Fans and co-stars are still mourning the loss of “True Blood” star Nelsan Ellis. The fan-favorite, who played the role of Lafayette on the hit series, passed away on Saturday at age 39.

The beloved actor’s manager, Emily Gerson Saine, later confirmed that Ellis died as a result of heart failure.

But the news left many fans wondering what caused it. Saine then revealed on Monday that Ellis had actually been hiding a dark secret – he was struggling with alcoholism.

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A new statement, released on behalf of the family to The Hollywood Reporter, said that Ellis died due to complications stemming from alcohol withdrawal symptoms. The statement read:

“Nelsan has suffered with drug and alcohol abuse for years. After many stints in rehab, Nelsan attempted to withdraw from alcohol on his own.

According to his father, during his withdrawal from alcohol he had a blood infection, his kidneys shut down, his liver was swollen, his blood pressure plummeted, and his dear sweet heart raced out of control.”

The statement went on to say that Ellis was “ashamed” of his struggle, and hid it from public view. He spent several days in Woodhull Hospital in Brooklyn, New York, before before passing away. The statement read:

“On the morning of Saturday July 8th, after four days in Woodhull Hospital, Nelsan was pronounced dead. Nelsan was a gentle, generous and kind soul.”

Though the family has not opened up about Ellis’ time at Woodhull Hospital, the medical center has a troubling reputation. The facility, which is located in a low-income region of Brooklyn, has been the topic of a lot of heated discussion online.

Matthew Rutledge/Flickr

Many users on popular review sites like Yelp, have absolutely skewered the facility with negative ratings and comments.

One woman even called the hospital a “death trap” after she claims mistreatment by doctors there led to her sister’s death. The hospital ultimately apologized and reached out to her for further explanation.


And she’s not the only one calling out the hospital. Many Twitter users have also slammed the medical facility, some even calling it “awful”:

At least one family is calling for the New York State Department of Health: Office of Professional Medical Conduct Intake Unit and the New York State Education Department: Office of Professional Discipline to conduct an investigation of Woodhull Hospital after a 52-year-old woman died in their care.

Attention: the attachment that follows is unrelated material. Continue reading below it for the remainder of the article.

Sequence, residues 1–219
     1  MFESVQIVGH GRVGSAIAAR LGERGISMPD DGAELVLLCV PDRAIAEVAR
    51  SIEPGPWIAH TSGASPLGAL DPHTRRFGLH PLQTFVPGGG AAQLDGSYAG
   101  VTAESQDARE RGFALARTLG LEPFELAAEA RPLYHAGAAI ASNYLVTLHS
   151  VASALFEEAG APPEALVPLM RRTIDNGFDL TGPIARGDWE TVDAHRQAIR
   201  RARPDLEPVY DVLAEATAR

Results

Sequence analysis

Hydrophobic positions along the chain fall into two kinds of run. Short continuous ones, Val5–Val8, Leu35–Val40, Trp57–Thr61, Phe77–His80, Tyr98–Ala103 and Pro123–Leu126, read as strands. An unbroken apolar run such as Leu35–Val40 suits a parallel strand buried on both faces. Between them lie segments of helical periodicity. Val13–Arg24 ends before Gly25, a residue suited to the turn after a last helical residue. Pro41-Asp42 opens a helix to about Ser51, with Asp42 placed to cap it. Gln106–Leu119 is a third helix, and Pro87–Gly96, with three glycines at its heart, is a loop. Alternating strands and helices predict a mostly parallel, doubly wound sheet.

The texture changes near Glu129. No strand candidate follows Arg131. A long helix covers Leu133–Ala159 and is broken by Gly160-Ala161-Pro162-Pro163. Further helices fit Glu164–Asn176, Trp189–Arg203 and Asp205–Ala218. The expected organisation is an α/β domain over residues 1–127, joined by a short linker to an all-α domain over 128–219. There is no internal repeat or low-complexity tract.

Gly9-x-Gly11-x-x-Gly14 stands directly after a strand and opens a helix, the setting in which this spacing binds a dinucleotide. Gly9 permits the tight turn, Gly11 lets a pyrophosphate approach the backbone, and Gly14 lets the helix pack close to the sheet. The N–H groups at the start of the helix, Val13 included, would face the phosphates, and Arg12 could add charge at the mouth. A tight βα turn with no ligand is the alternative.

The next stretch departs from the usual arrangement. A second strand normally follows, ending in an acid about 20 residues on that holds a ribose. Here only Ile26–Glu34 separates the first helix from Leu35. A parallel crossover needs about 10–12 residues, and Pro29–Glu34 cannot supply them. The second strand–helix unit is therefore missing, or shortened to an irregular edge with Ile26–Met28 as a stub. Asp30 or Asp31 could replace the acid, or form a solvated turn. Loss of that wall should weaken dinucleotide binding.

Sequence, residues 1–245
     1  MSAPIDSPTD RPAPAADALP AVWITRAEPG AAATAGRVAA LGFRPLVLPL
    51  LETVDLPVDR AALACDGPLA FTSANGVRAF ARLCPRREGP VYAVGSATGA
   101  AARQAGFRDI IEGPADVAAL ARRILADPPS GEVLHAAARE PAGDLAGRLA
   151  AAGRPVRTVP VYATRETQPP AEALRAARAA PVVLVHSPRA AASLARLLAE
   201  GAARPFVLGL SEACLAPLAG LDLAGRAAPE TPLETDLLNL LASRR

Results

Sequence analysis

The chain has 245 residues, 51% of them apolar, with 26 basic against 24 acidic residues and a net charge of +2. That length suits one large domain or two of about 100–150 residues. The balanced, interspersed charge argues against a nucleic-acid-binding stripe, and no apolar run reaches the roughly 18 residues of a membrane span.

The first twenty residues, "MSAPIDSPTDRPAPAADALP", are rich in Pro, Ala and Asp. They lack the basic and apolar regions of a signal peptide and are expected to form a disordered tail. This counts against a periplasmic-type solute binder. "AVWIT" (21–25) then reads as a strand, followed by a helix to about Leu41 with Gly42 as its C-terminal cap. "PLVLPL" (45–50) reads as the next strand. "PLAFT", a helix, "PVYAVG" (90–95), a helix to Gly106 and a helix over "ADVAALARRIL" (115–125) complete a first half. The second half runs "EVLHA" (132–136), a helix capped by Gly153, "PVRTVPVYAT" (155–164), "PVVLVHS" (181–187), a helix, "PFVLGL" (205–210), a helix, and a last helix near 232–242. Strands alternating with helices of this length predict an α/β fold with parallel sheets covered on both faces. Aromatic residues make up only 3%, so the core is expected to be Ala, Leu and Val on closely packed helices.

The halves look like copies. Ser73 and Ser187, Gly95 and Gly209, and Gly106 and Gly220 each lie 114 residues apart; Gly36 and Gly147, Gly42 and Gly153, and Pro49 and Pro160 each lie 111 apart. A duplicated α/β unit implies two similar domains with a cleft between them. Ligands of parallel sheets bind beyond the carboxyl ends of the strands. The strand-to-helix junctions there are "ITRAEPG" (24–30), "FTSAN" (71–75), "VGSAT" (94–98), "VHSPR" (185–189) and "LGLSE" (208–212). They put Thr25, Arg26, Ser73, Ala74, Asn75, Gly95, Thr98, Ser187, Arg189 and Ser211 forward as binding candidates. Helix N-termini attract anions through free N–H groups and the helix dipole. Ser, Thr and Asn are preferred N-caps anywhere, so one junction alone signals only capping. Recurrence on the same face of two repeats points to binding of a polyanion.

In March, Tye Clemons launched a petition for the hospital to be investigated, after his family member, Claire Clemons, allegedly died as a result of pneumonia she contracted there.

Clemons claims that family members had to clean “blood and saliva” off the woman after hospital staff failed to, and were not informed that she had pneumonia until it was “already at Stage 3.”

Clemons said that Claire had initially been admitted to the hospital for treatment after cardiac arrest. He wrote:

“She entered the hospital for one reason and died from another. We want to make sure that Woodhull Hospital is investigated to ensure that no other families will have to endure the tragic experiences Crystal and her loved ones have experienced.

A hospital is a place you go to in order to get better and Woodhull staff stripped Crystal of that opportunity.”

Noah Jacquemin/Flickr

It’s unclear if the petition ever resulted in an investigation, but other cases have gone all the way to court.

In 2007, the family of 10-year-old Anna Gloria Rivera settled a decade-old lawsuit against Woodhull Hospital, according to New York Daily News. Her lungs were allegedly “blown out” during a stay at the hospital in 1998 after a doctor set her ventilator too high.

Before her death, she had been tied to the bed in a “four-point restraint” after becoming “agitated” by the ventilator, according to NYDN.

The hospital itself is located in one of the lowest income neighborhoods in the city, Bedford-Stuyvesant.

According to New York City statistics, one in three residents of the neighborhood live below the poverty line, and the majority of the population is people of color.

And that could be a major contributing factor to hospital’s quality of care.

Screenshot/Google Maps

Analysis of health and poverty conducted by the Milwaukee Journal Sentinel in 2014 suggests that good doctors are more likely to work in hospitals in affluent areas, meaning that that people in poorer regions also may also receive poor care.

It’s unclear why, exactly, Ellis was sent to Woodhull Hospital in particular, or if he lived in the area at the time. But it’s where the actor spent his final moments.

According to Saine’s statement, the “True Blood” star spent four days in the medical facility before passing away as a result of heart failure.

Ellis’ family has yet to comment on his treatment during the hospital stay, but if other patients’ experiences are any indication — it might have been pretty grim.

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